Here at The Smart Investor, we believe that everybody can learn how to invest, smartly. Some time ago, we once invited some of our readers to share their most important investing lessons. Some of these lessons are timeless, and applicable at any point during one’s investing journey.
The best part of these lessons? The simplicity of them.
These lessons are well within reach of a common investor. Here are 3 of the best lessons that we’d like to share with you:
1. A Simple Quote to Live By
“Enjoy the ride of market sunshine, persevere to ride out the market storm”
This quote is particularly apt at a time like this.
Just last week, the Straits Times Index (SGX: ^STI) closed at 2,960.98, the first time it has closed below 3,000 since late October 2018. As of Monday, 10 March, the STI is down over 18% from its recent peak.
Over the long-haul, the stock market rises more than it falls.
Between 2002 and 2016, a period of 15 years, there were a whopping 13 years where the STI declined 10% or more (from peak-to-trough). The frequent declines would seem to suggest the stock market did poorly over this period. But that’s the wrong conclusion. From its inception on 11 April 2002 up to the end of 2017, the STI rose around 7.5% per year.
Holding stocks for the long haul, through the sunshine and the storm, would have produced a positive gain.
2. It’s not what we do, but what we don’t do
Another great piece of advice from one of our readers:
“Do not touch stocks which we do not understand or are not familiar with.”
As investors, we can sometimes get caught up with the many opportunities that present themselves on a daily basis. Especially with the market as it is today.
Sometimes, we might feel the pressure to act on it, fearful that we might miss out on any upturn in the stock price.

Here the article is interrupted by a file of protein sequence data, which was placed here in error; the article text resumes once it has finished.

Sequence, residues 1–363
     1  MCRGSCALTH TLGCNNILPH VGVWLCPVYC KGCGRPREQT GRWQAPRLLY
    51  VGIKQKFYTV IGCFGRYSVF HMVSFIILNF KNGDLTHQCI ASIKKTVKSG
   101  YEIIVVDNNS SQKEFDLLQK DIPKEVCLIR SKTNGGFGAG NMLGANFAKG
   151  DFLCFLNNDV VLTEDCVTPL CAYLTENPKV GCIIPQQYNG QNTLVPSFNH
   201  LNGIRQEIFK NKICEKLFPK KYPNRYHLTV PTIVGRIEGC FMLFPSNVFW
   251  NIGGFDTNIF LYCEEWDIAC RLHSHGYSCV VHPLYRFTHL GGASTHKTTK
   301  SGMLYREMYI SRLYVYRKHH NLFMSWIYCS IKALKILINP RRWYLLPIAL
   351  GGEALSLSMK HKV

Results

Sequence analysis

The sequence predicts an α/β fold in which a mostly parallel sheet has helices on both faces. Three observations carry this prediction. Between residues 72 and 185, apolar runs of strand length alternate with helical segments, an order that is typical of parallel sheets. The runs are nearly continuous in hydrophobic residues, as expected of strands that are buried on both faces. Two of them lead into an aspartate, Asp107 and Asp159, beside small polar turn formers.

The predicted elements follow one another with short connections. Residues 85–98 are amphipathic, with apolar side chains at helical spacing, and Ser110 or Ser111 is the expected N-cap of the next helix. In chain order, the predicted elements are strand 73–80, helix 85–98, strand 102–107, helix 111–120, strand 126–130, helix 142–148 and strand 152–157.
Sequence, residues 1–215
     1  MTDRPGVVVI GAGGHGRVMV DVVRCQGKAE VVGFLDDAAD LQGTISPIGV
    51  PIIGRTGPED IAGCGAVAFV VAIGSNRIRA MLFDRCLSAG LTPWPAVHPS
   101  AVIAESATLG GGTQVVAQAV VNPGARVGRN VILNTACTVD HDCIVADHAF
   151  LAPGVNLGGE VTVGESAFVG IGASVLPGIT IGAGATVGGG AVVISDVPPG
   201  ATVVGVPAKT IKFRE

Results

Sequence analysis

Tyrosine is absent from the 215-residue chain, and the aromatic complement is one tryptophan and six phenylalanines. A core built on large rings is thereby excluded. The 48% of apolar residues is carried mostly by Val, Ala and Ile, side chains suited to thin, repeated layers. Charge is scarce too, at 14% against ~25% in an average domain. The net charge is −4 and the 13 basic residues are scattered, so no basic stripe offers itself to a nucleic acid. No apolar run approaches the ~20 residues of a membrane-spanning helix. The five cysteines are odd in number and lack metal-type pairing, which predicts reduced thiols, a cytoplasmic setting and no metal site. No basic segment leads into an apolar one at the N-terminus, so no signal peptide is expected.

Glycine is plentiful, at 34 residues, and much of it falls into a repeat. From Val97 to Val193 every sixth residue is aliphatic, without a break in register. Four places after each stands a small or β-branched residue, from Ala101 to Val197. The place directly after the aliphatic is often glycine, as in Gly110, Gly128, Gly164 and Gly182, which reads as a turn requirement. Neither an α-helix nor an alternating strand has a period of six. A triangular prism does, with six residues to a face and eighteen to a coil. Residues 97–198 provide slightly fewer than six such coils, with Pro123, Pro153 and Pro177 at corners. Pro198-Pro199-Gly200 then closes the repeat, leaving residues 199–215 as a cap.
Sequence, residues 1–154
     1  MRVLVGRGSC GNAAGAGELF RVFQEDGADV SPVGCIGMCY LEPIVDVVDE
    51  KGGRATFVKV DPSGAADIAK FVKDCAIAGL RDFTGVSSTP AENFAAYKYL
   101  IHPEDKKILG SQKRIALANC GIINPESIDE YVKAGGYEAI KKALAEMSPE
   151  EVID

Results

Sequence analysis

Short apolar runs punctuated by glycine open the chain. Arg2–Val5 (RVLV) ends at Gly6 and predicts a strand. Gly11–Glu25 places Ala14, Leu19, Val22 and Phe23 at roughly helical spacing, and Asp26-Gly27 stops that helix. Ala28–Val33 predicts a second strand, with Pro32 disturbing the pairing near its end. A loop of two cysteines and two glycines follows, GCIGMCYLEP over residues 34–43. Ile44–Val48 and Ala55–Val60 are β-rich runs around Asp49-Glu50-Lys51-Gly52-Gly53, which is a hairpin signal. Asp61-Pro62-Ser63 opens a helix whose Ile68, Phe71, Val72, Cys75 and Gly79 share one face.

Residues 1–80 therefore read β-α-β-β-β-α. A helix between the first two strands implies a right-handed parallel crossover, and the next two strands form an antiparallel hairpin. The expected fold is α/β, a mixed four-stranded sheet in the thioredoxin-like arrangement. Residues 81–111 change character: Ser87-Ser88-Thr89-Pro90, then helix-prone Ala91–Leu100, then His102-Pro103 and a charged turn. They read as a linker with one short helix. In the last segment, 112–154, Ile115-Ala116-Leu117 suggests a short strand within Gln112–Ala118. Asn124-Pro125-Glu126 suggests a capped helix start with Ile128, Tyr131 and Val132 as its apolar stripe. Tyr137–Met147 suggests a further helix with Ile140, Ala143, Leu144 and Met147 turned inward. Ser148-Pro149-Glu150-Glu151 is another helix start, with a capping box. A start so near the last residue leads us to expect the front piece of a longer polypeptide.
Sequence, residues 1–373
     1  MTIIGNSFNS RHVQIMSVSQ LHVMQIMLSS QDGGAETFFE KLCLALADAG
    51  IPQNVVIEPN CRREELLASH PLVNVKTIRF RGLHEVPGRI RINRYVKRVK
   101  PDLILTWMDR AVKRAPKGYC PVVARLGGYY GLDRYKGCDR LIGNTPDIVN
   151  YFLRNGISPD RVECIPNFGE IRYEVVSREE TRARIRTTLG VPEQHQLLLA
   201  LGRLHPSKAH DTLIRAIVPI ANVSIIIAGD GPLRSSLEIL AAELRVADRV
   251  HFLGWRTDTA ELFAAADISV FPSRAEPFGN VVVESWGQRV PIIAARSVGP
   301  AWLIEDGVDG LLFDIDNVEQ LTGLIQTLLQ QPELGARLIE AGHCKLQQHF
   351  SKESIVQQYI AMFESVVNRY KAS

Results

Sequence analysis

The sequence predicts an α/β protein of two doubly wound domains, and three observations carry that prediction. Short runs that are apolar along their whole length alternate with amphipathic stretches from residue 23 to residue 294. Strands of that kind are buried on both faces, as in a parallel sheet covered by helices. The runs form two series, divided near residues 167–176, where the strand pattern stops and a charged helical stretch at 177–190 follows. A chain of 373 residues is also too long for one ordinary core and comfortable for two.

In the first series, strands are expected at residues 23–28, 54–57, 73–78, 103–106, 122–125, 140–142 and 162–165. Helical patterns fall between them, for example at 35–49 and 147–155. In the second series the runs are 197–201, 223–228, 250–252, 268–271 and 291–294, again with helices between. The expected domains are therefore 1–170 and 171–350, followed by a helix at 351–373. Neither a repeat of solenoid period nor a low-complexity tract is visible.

However, we need to be disciplined in avoiding companies that we do not understand. It’s a simple, yet effective rule and one that Warren Buffett uses too.
The Berkshire Hathaway CEO says there’s one rule you should always avoid: Buying a stock merely because you think it’s going to increase in price. That’s because even the best investors aren’t able to predict how the market will perform.
Instead, you should invest in companies that you both understand and believe will offer long-term value.
3. Focus on the long term
The most surefire way to make money in the stock market is to buy shares of great businesses at reasonable prices and hold on to them for as long as they remain great businesses (or until you need the money).
If you do this, you’ll experience some volatility along the way, but over time you’ll produce excellent investment returns. And The Smart Investor is here to help you along the way.
We are here to help you learn more about investing through our content on our website, and on our free investing newsletter, Get Smart. You can sign up HERE. We also write stock market and stock commentaries that we publish regularly.